What are the forms of recreation and entertainment among the Hausa?
Traditionally, children used to participate in songs and dances while at a young age. They used to dance in different places, even at marketplaces. According to oral traditions, the elders played a role of storytelling.
Whenever there were ceremonies, the people engaged in musical performances. Musicians performed at many festivities, including naming ceremonies, weddings, and parties. Because of their Islamic religion, they also sang and danced during Islamic holidays.
What are the foods of the Hausa?
Hausa people combine both traditional and modern cuisines when preparing their foods. Traditionally, the Hausa were farmers and used the available raw food materials to farm and sometimes sourced it from other places. Even today, this ethnic group depends on farm products that they have cultivated to make their foods.
Some of the foods that they farm and prepare for meals include millet, sorghum, rice, and corn. Before making a meal, they grind these four foods into flour and make the traditional staple called tuwon shinkafa. Tuwon shinkafa is a thick pudding that the Hausa prepare from corn, millet, or rice. It is sticky and soft, and they serve it with different soups like miyan taushe.
Apart from cultivating their farms, the Hausa also practice cattle rearing. It is a practice they conducted for many generations, including today. Because of the abundance of cattle, they eat lots of meat, especially beef. Some of their famous beef cuisines include suya and kalishi.
Traditionally, and even today, people could distinguish the Hausa from other ethnicities by their culture, religion, and origin. But another way of differentiating them is through their dressing. Islam has played a significant role in the community's strict dressing code. You will find them wearing a big gown and cap. Caps or fula are for men, but it is not necessary to wear them all the time.
In the Hausa culture and tradition, men wear gowns known as Babban Riga. They also wear a rob-like dress with patterns known as the Jalaba. For women, other ethnicities identify them by the wrappers that they wear known as Abaya. Women also wear hijabs, dresses, shawls, and head ties. When it comes to the hair, the women put on weaves as their traditional hairstyle.
Another way of dressing among the Hausa is through drawings. Women tend to draw tribal marks on their faces and other parts of their bodies. They have conducted this practice since the days of slavery. In those times, having markings on the body was a way of identifying themselves. That came in handy in case of war, capture, or invasion by neighbouring communities.
Hausa rites of passage
The Hausa rites of passage begin when a child is born through their teenagehood and death. During birth, the people give the child an Islamic name and conduct a ceremony to celebrate a new life. If it is a boy, he will get circumcised when he reaches seven years old.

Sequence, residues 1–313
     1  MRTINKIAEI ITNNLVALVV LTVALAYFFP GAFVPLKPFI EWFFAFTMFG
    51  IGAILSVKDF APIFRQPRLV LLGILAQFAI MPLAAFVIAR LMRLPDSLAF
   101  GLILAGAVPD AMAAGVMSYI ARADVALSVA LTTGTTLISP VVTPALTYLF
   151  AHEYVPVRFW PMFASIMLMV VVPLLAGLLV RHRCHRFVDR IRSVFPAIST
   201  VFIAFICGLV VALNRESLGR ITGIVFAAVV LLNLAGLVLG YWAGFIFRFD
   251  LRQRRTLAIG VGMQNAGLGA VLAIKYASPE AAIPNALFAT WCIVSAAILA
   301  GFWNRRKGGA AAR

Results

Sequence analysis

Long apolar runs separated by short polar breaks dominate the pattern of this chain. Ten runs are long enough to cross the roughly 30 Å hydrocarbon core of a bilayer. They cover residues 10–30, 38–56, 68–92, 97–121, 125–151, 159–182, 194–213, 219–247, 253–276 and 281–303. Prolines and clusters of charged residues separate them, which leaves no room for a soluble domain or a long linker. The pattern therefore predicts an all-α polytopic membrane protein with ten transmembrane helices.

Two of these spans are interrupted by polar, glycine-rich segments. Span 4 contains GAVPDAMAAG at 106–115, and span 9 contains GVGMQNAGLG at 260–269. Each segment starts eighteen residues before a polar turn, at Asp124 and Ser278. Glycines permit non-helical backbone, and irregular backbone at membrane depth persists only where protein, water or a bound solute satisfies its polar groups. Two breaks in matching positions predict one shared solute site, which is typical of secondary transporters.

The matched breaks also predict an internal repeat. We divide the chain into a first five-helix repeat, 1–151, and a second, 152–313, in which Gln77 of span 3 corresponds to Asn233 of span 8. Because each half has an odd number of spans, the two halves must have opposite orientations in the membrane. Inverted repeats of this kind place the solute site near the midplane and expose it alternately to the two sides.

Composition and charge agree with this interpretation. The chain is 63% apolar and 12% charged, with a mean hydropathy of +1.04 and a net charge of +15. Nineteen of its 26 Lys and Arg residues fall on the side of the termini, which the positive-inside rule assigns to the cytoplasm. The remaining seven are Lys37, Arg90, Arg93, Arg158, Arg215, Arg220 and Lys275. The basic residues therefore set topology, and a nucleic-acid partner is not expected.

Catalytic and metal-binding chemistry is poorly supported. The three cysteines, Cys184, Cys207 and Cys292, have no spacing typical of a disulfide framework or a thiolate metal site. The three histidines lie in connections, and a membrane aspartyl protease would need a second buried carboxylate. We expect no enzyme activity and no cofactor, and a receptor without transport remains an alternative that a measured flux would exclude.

In the mid to late teenage, both young men and women get the choice to become engaged. The community conducts a marriage ceremony that can take up to a week.
The celebrations start with the bride, her family, and friends, as she prepares herself for marriage. Once things are ready, the elders follow Islamic law by signing a marriage contract at the mosque before bringing the couple together.
When a person dies, the people follow the burial principles of the Islamic religion. Before burying the deceased, the Hausa wash the person and wrap them in a shroud. They then bury the person facing eastward towards Mecca, the holy land. The final stage is reciting players. If the person that died is a man, the wife will have to mourn him for three months.
The Hausa are an ethnic group found in northern Nigeria and southern Niger. They are the largest ethnic group in Sub-Sahara Africa, with an estimated population of over 80 million. As a people, the Hausa are predominantly Muslims. However, a few of them believe in a spirit-possession cult. Like other ethnicities, the Hausa also have rites of passage and distinguish themselves from others by the types of clothes they wear.
Culture is big in Ghana and Yen.com.gh has created an opinion piece covering the positive and negative cultural practises carried out by various tribes in the country. This comes even as urbanisation has made some of the cultures to be forgotten.
While many of the cultural practises in Ghana are great in the sense that they bring a sense of belonging and pride in African identity, the same can’t be said of others. Get to know which of them have a positive influence and those that are negative.